When the election results came in, it had already been a month since I gave up on trying to fix my own mental health issues. And so it turned out that the worst day of our generation collided with my own personal low.
“I get up off the floor, reach for a long, heavy leek and a cutting board and my favorite knife, its weight in my palm like an amulet. I feel like a stranger in my own life, but I have seven hours and eight dishes left. There is work to be done.”
I’m excited about my future. I’m a little nervous also, but I’m more excited than nervous, because just as the seasons change, our president will as well.
My problem with grief is its general shape. Grief is somehow both slippery and sharp, rolling over you with sadness then sneakily attacking your soft underbelly with its claws.
Then I made a friend from suburban, God-fearing Missouri. When she got married this past summer, you can bet that’s where the wedding was. So my first trip to the Heartland had arrived.
Maybe I’m not the best candidate to talk politics with strangers. But I couldn’t shake the feeling — the knowledge, really — that I’d copped out. Bailing on our first female President, of all people, because you’re scared? Nah, girl. I called the guy back, told him I could make it after all, held myself accountable on social media, and freaked out for ten minutes. But it was on. I was going.
What followed was absolute chaos. Pure, unadulterated terror. Those haunted house reaction pictures at the moment of surprise come to life. Girls were shoving each other out of the way but where we were running was unclear. Off the earth? Possibly.
This is about what we as individuals can tolerate comfortably before we’re pushed into emotional discomfort. We try to live in this comfort zone, but that’s impossible, because we’re human beings and rarely fit in any sort of box until we’re dead and literally lying in one.
9. Vial of one year’s worth of eye boogers from a couple at the Museum of Natural & Artificial Ephemerata.
That’s what’s tricky about disabled sexuality: most people, disabled or not or anyplace in between, have no idea how to discuss it. So fear of “saying the wrong thing” takes over instead and the problem feeds itself. We never talk about it because we don’t know how to start.
“But those walls don’t just break down when you stop needing them, and suddenly what was keeping you safe is now hindering personal development. It blows. It’s a whole process of demolition and rebuilding and relearning what all these feelings are, and it is awful and glorious in equal turns.”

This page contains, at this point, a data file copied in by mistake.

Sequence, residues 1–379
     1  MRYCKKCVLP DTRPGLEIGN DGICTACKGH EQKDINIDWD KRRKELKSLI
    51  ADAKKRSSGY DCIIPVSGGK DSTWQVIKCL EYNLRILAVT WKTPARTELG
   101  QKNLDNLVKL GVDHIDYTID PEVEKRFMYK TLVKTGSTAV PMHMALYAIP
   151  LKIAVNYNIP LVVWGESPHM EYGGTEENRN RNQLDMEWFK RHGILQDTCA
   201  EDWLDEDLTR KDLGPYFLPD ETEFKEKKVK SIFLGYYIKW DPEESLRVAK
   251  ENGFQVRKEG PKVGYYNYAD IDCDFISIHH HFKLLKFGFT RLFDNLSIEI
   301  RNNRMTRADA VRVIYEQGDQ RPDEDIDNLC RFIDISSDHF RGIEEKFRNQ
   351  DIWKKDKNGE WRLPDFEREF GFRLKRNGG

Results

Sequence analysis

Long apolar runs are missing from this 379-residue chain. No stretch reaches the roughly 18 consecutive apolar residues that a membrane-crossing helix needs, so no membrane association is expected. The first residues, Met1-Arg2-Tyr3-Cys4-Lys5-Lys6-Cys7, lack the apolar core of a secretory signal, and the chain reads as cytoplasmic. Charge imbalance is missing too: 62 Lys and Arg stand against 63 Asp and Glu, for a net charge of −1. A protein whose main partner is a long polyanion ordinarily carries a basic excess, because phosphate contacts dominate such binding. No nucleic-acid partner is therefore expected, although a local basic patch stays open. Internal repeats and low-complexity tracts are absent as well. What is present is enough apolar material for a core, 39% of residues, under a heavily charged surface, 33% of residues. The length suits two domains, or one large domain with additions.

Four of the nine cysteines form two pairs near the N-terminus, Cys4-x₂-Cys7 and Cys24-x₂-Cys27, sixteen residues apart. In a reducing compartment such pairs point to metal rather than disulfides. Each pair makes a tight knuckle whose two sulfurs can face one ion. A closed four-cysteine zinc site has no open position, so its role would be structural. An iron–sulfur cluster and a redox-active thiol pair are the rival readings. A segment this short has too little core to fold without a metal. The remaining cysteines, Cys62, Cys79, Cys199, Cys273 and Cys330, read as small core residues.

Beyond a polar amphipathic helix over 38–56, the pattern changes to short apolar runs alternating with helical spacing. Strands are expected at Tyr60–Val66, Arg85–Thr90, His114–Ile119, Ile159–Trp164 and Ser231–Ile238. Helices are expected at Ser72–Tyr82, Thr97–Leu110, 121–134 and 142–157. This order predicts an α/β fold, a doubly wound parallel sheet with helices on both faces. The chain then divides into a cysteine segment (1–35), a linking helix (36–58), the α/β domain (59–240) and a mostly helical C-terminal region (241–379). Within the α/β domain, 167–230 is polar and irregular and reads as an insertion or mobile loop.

“I sent a short, simple message saying that although I didn’t realize it fully until recently, I was indeed bisexual, that this was an undeniable part of my identity, and I could no longer comfortably hide this fact.
He never responded.”
“Love in partnership as colonized/racialized bodies is courageously undressing the walls we have built to survive and showing others the chaos that war has left behind.”
“There’s nothing more I want to remember than every moment and sensation we shared. Our grinding hips at Queer Cumbia, feeling your drunken sweat drip onto my freshly implanted tits. The way we sloppily made out and smeared our red and burgundy lips all over our mouths, noses, forehead, and neck.”
It was the end of my innocence when I realized that being Black or being Queer in this country could get you killed. This was the time before Hurricane Katrina, before 9/11, before Ferguson. Before. Before. Before.
“I feel as if I am filled to the brim, fit to spill, with how much I love her and how much I resent being a secret. It makes me feel invisible and alone but I stand by her. I stand by her until I can’t anymore. When we break up, I am more determined than ever to come out to my father.”
“…it’s still completely acceptable for disabled people to hate ourselves.”
“How could an incapacitated person feel let alone be sexy, I catch myself thinking. Now, when I have those thoughts, I take out my camera.”
“I think that adopting a dog would make me “less of a sad sack,” according to a journal entry on the day that Marty is picked up by his human mother.”
“Instead of getting medical care, I had a work colleague help me to my hotel room and pour me a tumbler of whiskey. I downed the whiskey with a handful of aspirin and prayed for the pain to stop.”